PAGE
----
Corporate Finance For Dummies
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How do you compare different potential investments? Every investment has an opportunity cost — the loss of the next best option — so corporations really need to ensure that they’re picking the best option, and that includes, potentially, no capital investment at all.

Calculate the equivalent annual cost

Probably the best place to start is by calculating the equivalent annual cost of each potential investment. You calculate this as follows:

EAC = NPV/[1 – (1 + Discount rate)-n]

Basically, this equation allows you to compare the annual costs of potential investments with differing duration periods and cash flows in an apples-to-apples approach.

The real test of whether any of the potential investments are being successful or not will depend greatly on the ability of the corporation to derive value from the project, however. Just because it now has the capacity to create something, doesn’t mean it can create the demand or make it work. To figure that out, you need to incorporate a calculation for capital efficiency:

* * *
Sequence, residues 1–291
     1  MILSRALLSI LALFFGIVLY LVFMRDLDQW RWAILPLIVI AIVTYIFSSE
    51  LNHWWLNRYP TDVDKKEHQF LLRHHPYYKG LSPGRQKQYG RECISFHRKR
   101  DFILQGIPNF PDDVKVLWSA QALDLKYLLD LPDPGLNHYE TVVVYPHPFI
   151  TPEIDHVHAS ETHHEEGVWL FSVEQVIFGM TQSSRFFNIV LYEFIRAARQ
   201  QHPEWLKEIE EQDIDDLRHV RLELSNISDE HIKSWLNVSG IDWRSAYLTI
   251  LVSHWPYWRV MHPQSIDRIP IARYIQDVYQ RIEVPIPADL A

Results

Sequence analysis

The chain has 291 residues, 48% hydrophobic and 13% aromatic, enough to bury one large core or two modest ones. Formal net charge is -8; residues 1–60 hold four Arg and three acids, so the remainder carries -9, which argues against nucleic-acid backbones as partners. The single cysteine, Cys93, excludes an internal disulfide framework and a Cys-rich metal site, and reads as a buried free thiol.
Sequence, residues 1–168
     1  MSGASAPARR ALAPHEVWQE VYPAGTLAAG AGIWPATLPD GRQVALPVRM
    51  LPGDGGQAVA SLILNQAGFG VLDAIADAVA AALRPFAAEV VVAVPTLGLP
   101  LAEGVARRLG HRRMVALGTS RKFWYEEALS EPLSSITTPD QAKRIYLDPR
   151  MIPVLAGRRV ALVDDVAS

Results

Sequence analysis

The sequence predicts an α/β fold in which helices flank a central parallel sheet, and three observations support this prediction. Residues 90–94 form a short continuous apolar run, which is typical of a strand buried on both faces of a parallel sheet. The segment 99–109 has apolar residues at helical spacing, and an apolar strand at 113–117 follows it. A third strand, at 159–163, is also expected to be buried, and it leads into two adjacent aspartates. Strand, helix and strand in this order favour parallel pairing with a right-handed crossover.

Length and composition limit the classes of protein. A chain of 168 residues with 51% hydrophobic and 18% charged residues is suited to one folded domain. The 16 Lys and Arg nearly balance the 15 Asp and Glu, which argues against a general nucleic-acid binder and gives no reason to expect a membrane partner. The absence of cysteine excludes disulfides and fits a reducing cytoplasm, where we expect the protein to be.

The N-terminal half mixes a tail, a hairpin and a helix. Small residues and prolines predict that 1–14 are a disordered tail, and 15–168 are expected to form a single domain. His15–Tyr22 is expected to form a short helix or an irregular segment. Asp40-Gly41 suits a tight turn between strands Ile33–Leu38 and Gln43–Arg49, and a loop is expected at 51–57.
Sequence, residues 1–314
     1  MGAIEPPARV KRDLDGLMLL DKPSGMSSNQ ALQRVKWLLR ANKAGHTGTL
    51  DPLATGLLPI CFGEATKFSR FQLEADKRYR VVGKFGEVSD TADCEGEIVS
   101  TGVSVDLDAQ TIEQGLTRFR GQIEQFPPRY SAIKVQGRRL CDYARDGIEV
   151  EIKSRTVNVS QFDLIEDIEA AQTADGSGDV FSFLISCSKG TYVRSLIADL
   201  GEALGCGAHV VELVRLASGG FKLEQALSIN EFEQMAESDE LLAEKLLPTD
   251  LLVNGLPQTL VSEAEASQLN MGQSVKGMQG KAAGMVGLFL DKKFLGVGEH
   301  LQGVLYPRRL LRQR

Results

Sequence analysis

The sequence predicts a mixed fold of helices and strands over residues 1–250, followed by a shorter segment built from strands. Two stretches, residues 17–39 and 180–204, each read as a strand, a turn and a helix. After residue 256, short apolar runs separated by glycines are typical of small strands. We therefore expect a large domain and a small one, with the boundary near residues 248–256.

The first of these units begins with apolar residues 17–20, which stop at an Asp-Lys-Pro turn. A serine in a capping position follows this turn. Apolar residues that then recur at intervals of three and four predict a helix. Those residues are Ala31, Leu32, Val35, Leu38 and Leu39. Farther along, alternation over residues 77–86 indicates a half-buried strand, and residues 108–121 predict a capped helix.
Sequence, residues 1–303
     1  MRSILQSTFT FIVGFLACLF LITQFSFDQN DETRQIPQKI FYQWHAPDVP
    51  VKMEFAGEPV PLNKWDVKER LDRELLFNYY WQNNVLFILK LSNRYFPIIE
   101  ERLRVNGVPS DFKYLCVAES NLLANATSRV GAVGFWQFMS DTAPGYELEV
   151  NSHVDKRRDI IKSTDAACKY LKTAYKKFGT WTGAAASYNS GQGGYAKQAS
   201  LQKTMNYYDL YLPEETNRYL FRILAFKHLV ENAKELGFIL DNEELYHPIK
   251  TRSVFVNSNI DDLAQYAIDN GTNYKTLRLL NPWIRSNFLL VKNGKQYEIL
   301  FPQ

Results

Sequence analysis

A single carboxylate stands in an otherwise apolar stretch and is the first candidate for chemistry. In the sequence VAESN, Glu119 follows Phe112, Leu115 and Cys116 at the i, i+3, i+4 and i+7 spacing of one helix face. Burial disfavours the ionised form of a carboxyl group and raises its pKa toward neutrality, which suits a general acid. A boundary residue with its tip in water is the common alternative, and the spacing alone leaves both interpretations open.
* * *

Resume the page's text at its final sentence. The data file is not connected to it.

CE = Output/Expenditures

Once you have an idea of the amount of actual output being generated by an actual project, you can understand a few additional bits of information.

First of all, you can determine the amount of cash flows at a given rate of efficiency, and the degree to which that efficiency must increase in order to increase the NPV of the project. The percentage of deviation between current performance value and planned NPV is equivalent to the amount of increased efficiency that the corporation must derive from the investment.

Next, the estimate at completion (EAC) is then used to determine which one of several potential investments is going to generate the greatest returns for the corporation. Thanks to the equivalency of the analysis, whichever option has the highest EAC is the best one. Go with it.

Unless, of course, they’re all either low or even negative. If they’re all negative, you’ll lose money on all of them and you shouldn’t invest in any of the options. If they’re all low enough that you’d be better off putting those investments into some sort of financial investment or bank account, then it’s probably best to go with that option.